Trip to Banjul, one of the smallest and most unique capitals in the world

When talking about capital cities, one would typically imagine a big, busy metropolis with plenty of high buildings, heavy traffic and a majestic main square. But in our case, Banjul is the total opposite of this image. This small yet unique capital is perfect for a half-day trip to feel the city’s pulse.

The City of Banjul was founded in 1816. As an important strategic point of the country, it played a crucial role in history. The city lies on a peninsula, surrounded by river Gambia at the mouth of the Atlantic Ocean. Its position makes it impossible for urban sprawl. It leaves Banjul solely as the administrative and economic centre of the country.

Most colonial cities emerged in the time of the slave trade to promote the trade. Banjul was founded after constructing houses and barracks to control the entrance to the Gambia estuary and suppress the slave trade.
Bathurst, as it was previously called, was first leased by the King of Kombo to the Duke of Courtland and Semigallia in 1651 and later ceded to Alexander Grant of British governance in 1816.
Having the only port in the Gambia, today Banjul is the epicentre of the import/export trade and is somehow overwhelmed with the pressure of trading and commerce.
Being the country’s economic centre, it is pretty amazing how lonely Banjul becomes after 5 pm and during weekends when most workers would return to their homes outside the capital. This is making Banjul a less hectic place to visit. However, you will not be able to do your shopping stroll past lively shops on the ground floors of the buildings built in different architectural origins and styles present throughout the town’s history.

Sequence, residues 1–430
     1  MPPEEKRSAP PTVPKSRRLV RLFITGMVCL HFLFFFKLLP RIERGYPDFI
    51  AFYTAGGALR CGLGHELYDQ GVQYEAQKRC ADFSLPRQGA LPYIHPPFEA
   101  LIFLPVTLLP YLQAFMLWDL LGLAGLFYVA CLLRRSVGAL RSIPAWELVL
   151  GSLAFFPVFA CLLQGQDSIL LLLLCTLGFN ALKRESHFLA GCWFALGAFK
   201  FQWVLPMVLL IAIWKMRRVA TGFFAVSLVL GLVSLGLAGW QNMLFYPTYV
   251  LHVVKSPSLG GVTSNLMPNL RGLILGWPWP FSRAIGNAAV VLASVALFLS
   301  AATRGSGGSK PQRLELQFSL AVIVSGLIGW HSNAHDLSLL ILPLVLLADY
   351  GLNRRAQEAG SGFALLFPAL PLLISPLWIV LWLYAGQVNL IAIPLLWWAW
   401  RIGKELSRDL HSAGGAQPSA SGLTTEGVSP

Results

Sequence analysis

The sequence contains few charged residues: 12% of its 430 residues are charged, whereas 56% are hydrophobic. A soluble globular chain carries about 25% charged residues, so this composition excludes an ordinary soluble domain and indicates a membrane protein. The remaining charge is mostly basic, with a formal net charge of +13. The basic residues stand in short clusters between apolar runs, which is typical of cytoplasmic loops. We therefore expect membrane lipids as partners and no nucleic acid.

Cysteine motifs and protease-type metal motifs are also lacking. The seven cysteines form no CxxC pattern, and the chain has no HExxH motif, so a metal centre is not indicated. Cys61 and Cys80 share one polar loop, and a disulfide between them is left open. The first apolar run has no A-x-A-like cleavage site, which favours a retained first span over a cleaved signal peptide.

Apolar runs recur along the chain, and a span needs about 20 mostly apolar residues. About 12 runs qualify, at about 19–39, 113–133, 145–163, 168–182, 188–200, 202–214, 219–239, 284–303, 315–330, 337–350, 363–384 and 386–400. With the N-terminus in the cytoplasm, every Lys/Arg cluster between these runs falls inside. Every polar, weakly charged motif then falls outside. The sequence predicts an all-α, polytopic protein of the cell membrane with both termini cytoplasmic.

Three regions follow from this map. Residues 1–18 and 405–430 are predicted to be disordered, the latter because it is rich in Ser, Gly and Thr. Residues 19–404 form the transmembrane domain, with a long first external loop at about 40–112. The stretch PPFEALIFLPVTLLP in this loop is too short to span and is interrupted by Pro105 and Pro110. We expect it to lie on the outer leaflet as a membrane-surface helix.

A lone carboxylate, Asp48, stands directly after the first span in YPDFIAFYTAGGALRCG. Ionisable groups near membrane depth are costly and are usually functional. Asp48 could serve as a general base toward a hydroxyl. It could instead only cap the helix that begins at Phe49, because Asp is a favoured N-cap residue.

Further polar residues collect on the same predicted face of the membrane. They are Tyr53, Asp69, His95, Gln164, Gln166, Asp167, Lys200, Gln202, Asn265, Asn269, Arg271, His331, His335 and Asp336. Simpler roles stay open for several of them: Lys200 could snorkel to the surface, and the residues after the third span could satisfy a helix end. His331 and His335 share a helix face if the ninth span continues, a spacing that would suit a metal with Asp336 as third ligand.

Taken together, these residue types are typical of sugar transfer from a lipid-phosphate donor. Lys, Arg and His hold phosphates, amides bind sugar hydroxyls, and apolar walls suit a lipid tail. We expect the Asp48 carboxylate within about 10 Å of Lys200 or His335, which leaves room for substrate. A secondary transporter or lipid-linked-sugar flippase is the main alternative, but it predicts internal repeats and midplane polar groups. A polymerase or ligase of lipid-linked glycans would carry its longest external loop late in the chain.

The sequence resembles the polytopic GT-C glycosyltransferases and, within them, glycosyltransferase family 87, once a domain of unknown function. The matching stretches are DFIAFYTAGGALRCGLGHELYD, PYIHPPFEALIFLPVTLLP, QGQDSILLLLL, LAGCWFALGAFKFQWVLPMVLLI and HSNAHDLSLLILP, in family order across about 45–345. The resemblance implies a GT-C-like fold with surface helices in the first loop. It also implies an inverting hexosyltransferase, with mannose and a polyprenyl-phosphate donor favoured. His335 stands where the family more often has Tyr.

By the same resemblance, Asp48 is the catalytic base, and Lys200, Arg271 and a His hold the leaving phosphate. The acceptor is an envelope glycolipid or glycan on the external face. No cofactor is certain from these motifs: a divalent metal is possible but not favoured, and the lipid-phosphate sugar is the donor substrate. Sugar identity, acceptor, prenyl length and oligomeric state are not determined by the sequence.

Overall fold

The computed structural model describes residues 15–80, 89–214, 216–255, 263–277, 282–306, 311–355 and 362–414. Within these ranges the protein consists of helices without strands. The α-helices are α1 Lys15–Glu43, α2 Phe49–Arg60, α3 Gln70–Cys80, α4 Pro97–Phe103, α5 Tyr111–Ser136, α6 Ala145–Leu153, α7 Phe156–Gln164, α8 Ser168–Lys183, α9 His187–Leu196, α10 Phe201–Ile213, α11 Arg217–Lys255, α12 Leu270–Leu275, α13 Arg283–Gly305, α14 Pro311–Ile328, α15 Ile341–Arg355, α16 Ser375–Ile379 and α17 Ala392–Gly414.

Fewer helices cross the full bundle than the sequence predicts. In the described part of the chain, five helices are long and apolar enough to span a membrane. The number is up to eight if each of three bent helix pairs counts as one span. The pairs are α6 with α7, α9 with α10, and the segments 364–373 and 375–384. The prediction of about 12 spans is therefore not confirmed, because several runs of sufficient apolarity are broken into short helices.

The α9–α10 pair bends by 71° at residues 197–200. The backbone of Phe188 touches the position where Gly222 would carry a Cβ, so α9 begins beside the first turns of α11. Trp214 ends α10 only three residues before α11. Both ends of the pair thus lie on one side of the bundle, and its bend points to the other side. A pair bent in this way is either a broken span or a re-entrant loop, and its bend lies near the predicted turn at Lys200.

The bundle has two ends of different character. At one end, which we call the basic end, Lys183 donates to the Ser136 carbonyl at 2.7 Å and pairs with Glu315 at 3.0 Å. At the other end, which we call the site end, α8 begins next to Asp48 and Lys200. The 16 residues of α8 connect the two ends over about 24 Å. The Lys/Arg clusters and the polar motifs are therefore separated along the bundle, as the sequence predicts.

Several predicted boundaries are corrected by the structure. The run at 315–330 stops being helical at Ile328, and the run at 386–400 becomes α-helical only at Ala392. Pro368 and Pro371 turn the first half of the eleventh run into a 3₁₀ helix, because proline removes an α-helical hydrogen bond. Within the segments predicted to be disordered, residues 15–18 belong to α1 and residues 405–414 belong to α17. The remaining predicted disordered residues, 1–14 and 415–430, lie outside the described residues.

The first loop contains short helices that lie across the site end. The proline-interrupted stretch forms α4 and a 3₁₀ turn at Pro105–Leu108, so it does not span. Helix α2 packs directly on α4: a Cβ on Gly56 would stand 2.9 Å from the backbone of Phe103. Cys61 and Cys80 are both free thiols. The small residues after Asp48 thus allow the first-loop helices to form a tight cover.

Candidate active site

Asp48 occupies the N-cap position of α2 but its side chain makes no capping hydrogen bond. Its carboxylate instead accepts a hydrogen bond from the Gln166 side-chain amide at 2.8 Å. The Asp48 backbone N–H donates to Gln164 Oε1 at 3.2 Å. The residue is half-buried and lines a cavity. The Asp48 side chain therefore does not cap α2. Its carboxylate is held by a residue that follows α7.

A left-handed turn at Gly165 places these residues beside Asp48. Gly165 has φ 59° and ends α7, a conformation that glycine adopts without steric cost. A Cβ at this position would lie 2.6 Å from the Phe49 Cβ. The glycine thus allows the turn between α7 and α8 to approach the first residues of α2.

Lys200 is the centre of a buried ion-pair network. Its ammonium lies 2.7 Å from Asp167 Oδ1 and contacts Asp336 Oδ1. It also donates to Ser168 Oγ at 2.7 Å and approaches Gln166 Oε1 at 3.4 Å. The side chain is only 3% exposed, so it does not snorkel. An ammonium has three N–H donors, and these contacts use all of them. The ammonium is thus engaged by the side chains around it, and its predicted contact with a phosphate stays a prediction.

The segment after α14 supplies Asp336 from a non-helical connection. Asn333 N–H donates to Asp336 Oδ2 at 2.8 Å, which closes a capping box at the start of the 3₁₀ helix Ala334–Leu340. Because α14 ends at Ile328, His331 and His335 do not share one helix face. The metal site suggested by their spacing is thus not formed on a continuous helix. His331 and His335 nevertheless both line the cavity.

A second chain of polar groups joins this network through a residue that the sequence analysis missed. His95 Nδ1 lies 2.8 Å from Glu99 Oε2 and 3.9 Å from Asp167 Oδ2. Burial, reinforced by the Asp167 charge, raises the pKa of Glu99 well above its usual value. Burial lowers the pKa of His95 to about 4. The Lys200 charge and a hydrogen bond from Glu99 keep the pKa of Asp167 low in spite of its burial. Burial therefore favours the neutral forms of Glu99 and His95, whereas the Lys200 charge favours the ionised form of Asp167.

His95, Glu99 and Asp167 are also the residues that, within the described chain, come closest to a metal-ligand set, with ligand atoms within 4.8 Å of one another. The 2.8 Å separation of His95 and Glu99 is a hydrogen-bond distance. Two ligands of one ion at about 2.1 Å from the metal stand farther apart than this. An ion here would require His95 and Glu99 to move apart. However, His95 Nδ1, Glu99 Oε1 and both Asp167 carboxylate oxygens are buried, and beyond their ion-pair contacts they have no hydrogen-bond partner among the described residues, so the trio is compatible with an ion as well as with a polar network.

Apart from the vivid combination of architecture, Banjul is attractive also because of the many points of interest. You would not want to miss visiting Arch 22, The Gambia National Museum, Albert Market with craft market, and stroll down the streets to see King Fahad Mosque, MacCarthy Square, main port, Edward Francis teaching hospital, St Mary’s Cathedral and more. On the outskirts of the city lies another architectural beauty, The National Assembly of The Gambia.

Arch 22

This massive, 36m high gateway, built to celebrate the military coup of 22 July 1994, grants excellent views of the whole city and its daily activities. It was built as a remembrance of the former president’s Yahya Jammeh coup to take control from the then-president Sir Dawda Kairaba Jawara. Today, there are still ongoing investigations of human rights violations under his regime. Many people feel his rule was a hurtful stain in the history of the independence of The Gambia.
The third-floor museum about the coup d’état is now being renovated. It will soon open its doors, portraying a new exhibition. The second floor will host the collection of art pieces of Gambian painters. The bar and restaurant on the same floor are soon to open again, as well as the gift shop.

The Gambia National Museum

The National Museum has the most extensive collection of artefacts and documents documenting The Gambia’s culture, nature, and history of the last 70 or more years.
Opened in 1985, The Gambia National Museum plays an important role in tourism promotion and education of the visitors and residents about the heritage of The Gambia.
The wooden building, which is very rare to see in The Gambia, houses three floors with different collections. Basement level presents musical heritage, and a vast array of the instruments played throughout the country, tribes and historical periods. Ground floor concentrates on the capital city, Banjul, showcasing political and historical development as well as the cultural aspect of it. The top floor covers the natural history exhibit. It portrays historical periods starting from early age excavations up to the post-independence time.

Albert Market and Craft Market